Creating Inundation Guidance from NWS's Extra-Tropical Storm Surge Model

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Tuesday, 6 January 2015: 1:45 PM
130 (Phoenix Convention Center - West and North Buildings)
Huiqing Liu, Ace Info Solutions, Inc, Reston, VA; and A. A. Taylor and R. M. Schuster
Manuscript (932.0 kB)

In the 1990's the National Weather Service's (NWS) Meteorological Development Laboratory (MDL) applied the Sea Lake and Overland Surges from Hurricanes (SLOSH) model to Extra-Tropical storms by (a) using the Global Forecast System (GFS) winds as input and (b) removing the computation of inundation based on storm surge in order to improve computational efficiency. The result was the Extra-Tropical Storm Surge (ETSS) model which is run operationally four times a day to predict storm surge along the U.S. East Coast, Gulf of Mexico, West Coast and all of the coasts of Alaska.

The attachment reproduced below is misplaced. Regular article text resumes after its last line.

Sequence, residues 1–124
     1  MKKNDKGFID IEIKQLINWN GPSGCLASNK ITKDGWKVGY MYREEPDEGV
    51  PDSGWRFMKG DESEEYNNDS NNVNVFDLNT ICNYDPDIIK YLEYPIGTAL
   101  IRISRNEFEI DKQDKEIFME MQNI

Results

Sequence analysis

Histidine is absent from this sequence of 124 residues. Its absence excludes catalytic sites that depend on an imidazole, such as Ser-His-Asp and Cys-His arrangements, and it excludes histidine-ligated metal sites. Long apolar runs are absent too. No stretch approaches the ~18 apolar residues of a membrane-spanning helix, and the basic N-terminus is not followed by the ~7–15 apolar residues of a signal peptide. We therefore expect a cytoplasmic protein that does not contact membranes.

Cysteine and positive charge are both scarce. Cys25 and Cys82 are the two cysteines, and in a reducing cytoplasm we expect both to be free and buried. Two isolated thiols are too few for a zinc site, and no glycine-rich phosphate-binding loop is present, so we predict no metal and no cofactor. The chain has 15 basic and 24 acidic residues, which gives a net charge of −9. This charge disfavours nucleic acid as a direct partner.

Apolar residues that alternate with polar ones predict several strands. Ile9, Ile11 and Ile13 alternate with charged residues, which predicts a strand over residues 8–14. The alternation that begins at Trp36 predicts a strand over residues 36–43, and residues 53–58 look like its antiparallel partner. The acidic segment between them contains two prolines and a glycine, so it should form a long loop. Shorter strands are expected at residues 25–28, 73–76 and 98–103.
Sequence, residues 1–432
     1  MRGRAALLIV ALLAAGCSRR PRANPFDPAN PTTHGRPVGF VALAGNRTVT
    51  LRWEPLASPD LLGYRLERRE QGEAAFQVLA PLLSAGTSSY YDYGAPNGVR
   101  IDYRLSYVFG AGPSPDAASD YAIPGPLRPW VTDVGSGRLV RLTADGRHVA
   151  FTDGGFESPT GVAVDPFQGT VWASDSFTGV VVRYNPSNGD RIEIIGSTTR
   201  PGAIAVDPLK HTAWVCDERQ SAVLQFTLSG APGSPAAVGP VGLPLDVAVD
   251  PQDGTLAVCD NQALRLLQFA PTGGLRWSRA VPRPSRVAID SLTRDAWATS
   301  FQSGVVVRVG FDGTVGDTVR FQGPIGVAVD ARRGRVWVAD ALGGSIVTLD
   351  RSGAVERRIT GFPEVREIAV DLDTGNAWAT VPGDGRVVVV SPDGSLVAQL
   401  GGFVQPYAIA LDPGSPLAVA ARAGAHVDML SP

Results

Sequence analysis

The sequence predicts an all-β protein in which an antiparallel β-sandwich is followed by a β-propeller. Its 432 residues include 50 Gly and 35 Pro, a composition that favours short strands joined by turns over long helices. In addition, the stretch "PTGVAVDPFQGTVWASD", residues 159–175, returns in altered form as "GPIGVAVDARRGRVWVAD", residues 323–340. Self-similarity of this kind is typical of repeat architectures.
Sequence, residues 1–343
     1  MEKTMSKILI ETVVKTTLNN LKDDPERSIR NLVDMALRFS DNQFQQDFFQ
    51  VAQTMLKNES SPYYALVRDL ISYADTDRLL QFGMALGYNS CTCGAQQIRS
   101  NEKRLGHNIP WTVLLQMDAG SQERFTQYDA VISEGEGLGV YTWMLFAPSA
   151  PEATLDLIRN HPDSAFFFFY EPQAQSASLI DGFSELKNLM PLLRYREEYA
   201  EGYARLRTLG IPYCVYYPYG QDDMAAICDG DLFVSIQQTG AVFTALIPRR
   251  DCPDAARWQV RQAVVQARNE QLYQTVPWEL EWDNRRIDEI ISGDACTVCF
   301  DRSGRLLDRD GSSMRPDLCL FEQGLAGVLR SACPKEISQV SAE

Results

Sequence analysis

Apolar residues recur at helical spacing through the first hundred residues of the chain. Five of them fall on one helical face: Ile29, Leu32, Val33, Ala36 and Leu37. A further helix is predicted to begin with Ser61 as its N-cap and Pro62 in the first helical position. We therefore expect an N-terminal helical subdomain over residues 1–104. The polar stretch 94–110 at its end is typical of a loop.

Overland surge guidance for extra-tropical storms is now desired in support of storm surge watches and warnings critical to low-lying coastal communities. In response, MDL has enhanced the ETSS model to predict the extent of overland flooding by: 1) Re-introducing the inundation algorithm based on surge 2) Incorporating a tide algorithm to allow inundation based on surge and tide 3) Nesting the tropical and extra-tropical computational grids to leverage the finer overland details contained within tropical grids

This paper will describe details of this effort. Simulations of historical events with and without these enhancements will be discussed.